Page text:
• Leave a Reply

      Choclette
      7th March 2013

      Thank you Phil, I was rather pleased with the result. That story is hilarious, that such a biscuit was served in an upmarket restaurant and the squashed Eccles cake. I think you are right to have serious doubts about the latter, although I did know he visited England, on more than one occasion I think.

  9. Leave a Reply

    thelittleloaf
    4th March 2013

    Squashed fly biscuits were always my favourite breaktime treat at school! Love the addition of chocolate 🙂

    • Leave a Reply

      Choclette
      7th March 2013

      I think I’m going to have to start a campaign to get people eating Garilbaldi biscuits again – everyone is saying, they used to eat them.

    • Leave a Reply

      Choclette
      7th March 2013

      Thanks Caroline. It’s a fun recipe to make – squashing the filling between the two bits of pastry is quite therapeutic.

  10. Leave a Reply

    Alida
    4th March 2013

    Mmm… interesting reading about Garibaldi. I remember studying that at school. I have never seen Garibaldi biscuits in Italy though. I find it interesting that they are called like that.
    Your version with chocolate looks very yummy Choclette.

    • Leave a Reply

      Choclette
      7th March 2013

      Thank you Alida. I think Garibaldi was a bit of a hero over here and when he visited England someone had the bright thought of naming a biscuit after him.

  11. Leave a Reply

    Katharine
    4th March 2013

    Great blog post! I always feel that Garibaldi gets overlooked outside Italy. I actually never liked the original biscuits but yours look and sound delicious – far superior in every way!

  12. Leave a Reply

    Lucy Taylor
    5th March 2013

    Well ya learn something new every day! Thanks for the history lesson. The biscuits look scrummy & are a lovely golden colour.

  13. Leave a Reply

    celia
    5th March 2013

    Yum! I’d like one of those for dunking with my morning coffee, please! And over here, squashed fly biscuits were fruit pillows.. 😉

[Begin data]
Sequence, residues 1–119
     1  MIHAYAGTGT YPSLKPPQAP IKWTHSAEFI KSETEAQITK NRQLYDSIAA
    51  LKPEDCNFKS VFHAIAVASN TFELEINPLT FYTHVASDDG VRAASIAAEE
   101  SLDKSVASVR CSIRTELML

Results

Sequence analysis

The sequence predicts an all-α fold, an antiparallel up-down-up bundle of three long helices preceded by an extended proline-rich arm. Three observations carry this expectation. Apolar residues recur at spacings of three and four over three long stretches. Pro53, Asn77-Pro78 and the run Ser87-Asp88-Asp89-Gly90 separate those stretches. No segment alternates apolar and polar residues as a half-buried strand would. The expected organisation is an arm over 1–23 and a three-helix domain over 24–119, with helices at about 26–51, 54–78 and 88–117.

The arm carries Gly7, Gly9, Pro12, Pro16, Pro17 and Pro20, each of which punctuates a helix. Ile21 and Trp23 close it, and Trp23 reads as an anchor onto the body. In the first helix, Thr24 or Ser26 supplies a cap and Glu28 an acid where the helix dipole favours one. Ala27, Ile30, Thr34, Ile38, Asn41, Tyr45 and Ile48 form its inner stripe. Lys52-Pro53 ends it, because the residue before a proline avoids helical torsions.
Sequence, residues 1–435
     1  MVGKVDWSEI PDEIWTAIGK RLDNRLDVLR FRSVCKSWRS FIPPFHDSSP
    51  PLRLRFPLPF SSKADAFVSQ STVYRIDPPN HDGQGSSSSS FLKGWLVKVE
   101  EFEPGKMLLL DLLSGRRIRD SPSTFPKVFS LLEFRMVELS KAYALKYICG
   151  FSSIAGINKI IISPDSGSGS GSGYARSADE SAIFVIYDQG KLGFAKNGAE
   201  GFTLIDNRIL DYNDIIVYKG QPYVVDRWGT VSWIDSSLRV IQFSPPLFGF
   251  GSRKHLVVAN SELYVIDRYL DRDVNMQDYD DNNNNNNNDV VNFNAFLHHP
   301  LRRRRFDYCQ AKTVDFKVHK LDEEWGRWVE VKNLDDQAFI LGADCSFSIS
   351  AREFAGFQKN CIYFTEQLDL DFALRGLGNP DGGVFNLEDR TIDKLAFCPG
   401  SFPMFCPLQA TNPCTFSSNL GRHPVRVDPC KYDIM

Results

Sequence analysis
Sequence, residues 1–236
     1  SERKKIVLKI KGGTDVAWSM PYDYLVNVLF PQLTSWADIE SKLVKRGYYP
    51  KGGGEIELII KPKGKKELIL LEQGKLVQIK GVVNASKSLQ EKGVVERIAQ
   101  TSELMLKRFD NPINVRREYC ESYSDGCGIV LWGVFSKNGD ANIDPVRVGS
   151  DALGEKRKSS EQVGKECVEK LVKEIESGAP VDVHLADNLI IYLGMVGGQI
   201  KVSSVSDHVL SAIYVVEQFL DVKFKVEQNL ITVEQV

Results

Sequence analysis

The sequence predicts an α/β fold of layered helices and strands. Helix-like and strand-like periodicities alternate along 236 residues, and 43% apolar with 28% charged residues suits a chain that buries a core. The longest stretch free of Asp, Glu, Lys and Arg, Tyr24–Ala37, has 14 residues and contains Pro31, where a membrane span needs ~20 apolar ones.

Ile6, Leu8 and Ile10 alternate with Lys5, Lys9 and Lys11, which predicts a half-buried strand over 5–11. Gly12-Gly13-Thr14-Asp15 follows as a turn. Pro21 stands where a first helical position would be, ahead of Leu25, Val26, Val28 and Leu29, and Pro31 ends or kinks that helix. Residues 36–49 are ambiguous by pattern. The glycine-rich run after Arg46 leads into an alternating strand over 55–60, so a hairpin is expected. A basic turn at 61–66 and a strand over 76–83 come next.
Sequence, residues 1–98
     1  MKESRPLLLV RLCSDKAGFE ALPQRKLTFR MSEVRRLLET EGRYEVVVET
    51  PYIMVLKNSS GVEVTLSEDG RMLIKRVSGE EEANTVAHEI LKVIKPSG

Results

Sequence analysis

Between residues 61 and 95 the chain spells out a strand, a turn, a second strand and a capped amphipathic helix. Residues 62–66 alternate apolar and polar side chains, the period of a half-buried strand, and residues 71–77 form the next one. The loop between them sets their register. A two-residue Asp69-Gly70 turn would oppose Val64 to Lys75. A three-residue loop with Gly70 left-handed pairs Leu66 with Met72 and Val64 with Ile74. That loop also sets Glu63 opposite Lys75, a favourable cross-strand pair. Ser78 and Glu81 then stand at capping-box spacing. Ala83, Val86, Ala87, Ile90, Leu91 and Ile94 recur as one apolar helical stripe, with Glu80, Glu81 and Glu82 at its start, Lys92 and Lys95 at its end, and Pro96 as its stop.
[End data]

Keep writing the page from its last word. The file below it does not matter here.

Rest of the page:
14. Leave a Reply

    laura@howtocookgoodfood
    5th March 2013

    Every ow & then I do but packet of garibaldi as I like to try and buy biscuits for the kids that aren’t overly sweet & these fit the bill. The palm oil isn’t great though which puts me off them. Yours, however look and sound like a far more sensible choice. I like making a batch of something sweet at the beginning of the week that can last me so these will be on the list. Thanks Garibaldi!

  15. Leave a Reply

    Emma
    5th March 2013

    Sounds good the chocolate garibaldi. Like the word squashed fly biscuits

  16. Leave a Reply

    Over a Cuppa
    5th March 2013

    Used to totally love Garibaldi biscuits or squashed fly biscuits as we used to call them too. These look lovely, now thinking could I make them gluten-free or just make them for the rest of the family and looking on in hunger!

  17. Leave a Reply

    Hannah
    6th March 2013

    Chocolate instead of raisins or currants is always going to be a winner 🙂 I watched my husband eat an entire packet of garibaldis the other day – must make these for him!

  18. Leave a Reply

    Nazima FranglaisKitchen
    8th March 2013

    Lovely idea – I do like the texture and flavour of Garibaldi biscuits but these are such a great variation! I’m struggling with the Fame theme though…. will keep thinking!

  19. Leave a Reply

    larelle
    29th March 2013

    I have an aversion to dried fruit (NEVER eat fruit cake) being in foodstuffs so this variation of the Garibaldi is VERY appealing to me. They look gorgeous!